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of financial institutions operating in a province. We do this by considering a establishment that operates under ISIC Rev. 3 industry code 65 as a financial institution. The second variable is simple a dummy variable generated from the number of FI in a province. This dummy variable takes a value of 1 if there is at least one FI in the province and zero otherwise. The third variable is the number of financial employees (or people that expressed ISIC code 65 as the activity they were working in) over the number of adults within a province. Both the number of people who said they were working within activity 65 of ISIC Rev. 3 and the number of adults is estimated using the population census of 1993. The fourth variable corrects the third variable for self-employment. Here we have excluded those people reporting they were working under the ISIC code 65 and were selfemployed, instead considering only salaried financial workers. We use IPUMS International6 data for this purpose since the census data available at the INEI do not allow us to make that distinction. The second group of variables proxies financial efficiency. While it could be the case that the number of FI in a province did not grow too much, the FI already established there may be providing more credit than before. We construct two indexes in order to account for this. First, we estimate the amount of credit per FI. The second index, instead of correcting for the number of FI, uses the number of adults in a province. The source for the credit data is the SBS, for the years 1991 and 2006, expressed in 2006 prices.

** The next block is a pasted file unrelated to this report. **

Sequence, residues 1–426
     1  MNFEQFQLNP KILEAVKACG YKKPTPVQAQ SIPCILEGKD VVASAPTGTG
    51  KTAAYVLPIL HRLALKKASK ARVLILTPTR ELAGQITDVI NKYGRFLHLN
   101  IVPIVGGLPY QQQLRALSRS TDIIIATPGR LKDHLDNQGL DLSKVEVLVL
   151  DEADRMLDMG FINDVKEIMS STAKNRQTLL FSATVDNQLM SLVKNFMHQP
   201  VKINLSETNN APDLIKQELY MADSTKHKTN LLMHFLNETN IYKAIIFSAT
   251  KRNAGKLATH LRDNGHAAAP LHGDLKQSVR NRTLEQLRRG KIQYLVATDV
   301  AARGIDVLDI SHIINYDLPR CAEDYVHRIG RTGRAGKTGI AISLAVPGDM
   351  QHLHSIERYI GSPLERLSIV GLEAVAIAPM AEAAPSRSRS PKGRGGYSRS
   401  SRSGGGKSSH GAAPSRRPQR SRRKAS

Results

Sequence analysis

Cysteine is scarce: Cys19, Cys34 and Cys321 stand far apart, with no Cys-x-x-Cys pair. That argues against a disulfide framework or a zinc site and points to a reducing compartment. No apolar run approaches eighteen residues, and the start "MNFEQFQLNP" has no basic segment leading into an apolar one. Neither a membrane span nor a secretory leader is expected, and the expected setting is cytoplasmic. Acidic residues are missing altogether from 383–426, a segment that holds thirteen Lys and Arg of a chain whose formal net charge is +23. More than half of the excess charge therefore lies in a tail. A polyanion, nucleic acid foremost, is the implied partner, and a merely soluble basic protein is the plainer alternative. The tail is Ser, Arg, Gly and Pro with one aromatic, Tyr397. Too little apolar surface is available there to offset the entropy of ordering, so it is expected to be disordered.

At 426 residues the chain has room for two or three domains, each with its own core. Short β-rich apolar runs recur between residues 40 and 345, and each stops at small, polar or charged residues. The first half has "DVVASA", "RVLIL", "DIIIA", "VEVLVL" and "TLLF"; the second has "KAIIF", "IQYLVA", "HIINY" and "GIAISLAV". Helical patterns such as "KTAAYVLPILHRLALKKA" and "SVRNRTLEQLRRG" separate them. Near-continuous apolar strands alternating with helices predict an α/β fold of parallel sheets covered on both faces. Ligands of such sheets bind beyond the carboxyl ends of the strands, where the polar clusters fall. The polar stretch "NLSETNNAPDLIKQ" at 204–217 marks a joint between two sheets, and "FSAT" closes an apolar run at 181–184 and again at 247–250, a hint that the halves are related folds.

Financial Dependence Index Our estimation strategy relies heavily on finding an external source of variability in order to identify the impact of credit expansion on the growth and performance of Peruvian firms. In that regard we follow the Rajan and Zingales (1998) approach of using a measure of firms’ requirement for external funds. We use data from firms in the Standard and Poor’s 1500 index available at Bloomberg. The Financial Dependence measure is computed as the ratio of 6